The Moon and the Other by John Kessel
My rating: 5 of 5 stars
This is an awesome epic, but let me clarify this. This isn't Ian McDonald novel, but it *IS* as deep and complex in its interpersonal explorations, its social experiments, and more for its thought-experiment.
I'm honestly astonished by this man's writing. It's like reading a mix between John Varley and Ian McDonald, only we focus on how a planned matriarchal city on the Moon might look like from within and from without. Domed cities, flight in the open air, scientific exploration... all of this is here, but all of it is subservient to the real story.
This a novel about men and women. All kinds, all orientations. It's a matriarchal society, but there's nothing simple about it or surface about it. Kessel has managed to go deep into the ramifications in such a way that I'm frankly amazed.
The depth of the characterizations and the complexities of the questions raised make this a truly fantastic novel. It is more than equal with any traditional treatment of the subject, whether historical fiction, modern thoughts on feminism, being gay, or what it means to change the meaning of being a Man. I got lost in these pages.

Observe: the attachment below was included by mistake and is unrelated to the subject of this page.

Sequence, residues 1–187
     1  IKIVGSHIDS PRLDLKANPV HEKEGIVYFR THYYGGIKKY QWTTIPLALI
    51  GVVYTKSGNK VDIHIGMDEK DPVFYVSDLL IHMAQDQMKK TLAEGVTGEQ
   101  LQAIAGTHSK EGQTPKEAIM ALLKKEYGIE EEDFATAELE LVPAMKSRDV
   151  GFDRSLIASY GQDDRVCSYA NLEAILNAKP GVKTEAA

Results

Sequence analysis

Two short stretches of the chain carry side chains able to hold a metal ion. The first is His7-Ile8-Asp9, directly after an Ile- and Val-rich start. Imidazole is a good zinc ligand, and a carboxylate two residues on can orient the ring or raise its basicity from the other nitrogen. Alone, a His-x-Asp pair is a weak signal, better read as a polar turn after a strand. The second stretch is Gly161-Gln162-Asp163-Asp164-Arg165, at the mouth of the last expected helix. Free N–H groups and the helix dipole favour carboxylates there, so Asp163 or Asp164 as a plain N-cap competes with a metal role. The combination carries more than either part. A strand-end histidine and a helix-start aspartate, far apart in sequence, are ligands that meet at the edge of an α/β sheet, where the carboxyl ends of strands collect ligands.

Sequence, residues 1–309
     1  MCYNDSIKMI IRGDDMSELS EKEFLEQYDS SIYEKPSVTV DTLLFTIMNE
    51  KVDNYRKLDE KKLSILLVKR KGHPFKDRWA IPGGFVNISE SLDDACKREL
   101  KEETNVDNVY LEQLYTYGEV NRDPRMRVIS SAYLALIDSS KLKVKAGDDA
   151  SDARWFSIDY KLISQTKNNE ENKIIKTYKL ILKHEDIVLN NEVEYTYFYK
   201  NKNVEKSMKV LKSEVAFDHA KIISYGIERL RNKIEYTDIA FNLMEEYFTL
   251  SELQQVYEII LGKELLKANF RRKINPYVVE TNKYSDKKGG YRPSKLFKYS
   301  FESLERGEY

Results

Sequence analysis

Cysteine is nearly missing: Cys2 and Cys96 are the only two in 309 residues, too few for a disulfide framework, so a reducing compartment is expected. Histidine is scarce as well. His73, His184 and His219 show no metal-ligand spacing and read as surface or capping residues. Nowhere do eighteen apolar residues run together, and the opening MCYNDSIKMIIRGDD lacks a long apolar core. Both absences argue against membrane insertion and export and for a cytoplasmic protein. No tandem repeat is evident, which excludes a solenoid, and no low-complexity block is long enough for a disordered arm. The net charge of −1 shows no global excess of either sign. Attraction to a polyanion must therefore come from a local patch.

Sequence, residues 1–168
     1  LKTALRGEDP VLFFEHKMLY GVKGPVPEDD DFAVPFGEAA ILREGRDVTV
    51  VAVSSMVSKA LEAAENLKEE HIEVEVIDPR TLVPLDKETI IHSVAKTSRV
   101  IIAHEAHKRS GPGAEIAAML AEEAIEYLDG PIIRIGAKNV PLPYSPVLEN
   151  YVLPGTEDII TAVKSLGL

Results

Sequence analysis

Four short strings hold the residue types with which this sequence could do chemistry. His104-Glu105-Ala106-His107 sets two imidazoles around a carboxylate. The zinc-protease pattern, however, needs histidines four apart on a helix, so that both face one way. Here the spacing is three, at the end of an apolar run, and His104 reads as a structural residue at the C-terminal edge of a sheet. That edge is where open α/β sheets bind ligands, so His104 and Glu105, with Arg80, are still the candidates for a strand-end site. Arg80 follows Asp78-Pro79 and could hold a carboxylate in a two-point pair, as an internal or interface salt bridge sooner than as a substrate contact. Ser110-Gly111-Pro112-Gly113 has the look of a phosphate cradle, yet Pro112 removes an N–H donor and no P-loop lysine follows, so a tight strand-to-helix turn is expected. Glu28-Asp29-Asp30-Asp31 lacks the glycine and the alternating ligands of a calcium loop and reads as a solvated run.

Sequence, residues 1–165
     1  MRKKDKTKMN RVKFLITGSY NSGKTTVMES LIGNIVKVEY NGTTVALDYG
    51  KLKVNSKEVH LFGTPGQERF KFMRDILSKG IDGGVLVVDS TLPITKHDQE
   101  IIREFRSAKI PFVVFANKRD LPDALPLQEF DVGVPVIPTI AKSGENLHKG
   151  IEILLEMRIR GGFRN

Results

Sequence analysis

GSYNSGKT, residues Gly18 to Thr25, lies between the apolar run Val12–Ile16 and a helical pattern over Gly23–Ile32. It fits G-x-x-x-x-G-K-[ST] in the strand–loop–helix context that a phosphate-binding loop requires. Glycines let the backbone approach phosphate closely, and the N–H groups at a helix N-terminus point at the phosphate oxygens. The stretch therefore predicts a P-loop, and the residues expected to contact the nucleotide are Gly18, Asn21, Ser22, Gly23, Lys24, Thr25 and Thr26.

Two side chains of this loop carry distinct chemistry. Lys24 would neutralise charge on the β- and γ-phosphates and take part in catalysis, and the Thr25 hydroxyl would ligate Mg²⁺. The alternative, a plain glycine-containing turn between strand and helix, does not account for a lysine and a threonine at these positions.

More than that, I was delighted by the amazing amount of world-building, social exploration, and especially about the vast amounts of love, idealism, protest, regret, greed, and tragedy.
These kinds of thoughtful, complex, socially-focused novels come along only once in a blue moon. There's nothing trite or unambiguous about it. It's real people caught in the web of a future history.
Do NOT expect it to have a ton of action, murders, or intrigue. It's not that kind of thing.
The novel is about trying to change things. For good or ill, it's about how men and women get along with themselves or the Other. For this, I give it all the stars in the world.
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Thanks for the lovely review! You read the book that I thought I was writing, and I'm glad it worked for you.ReplyDelete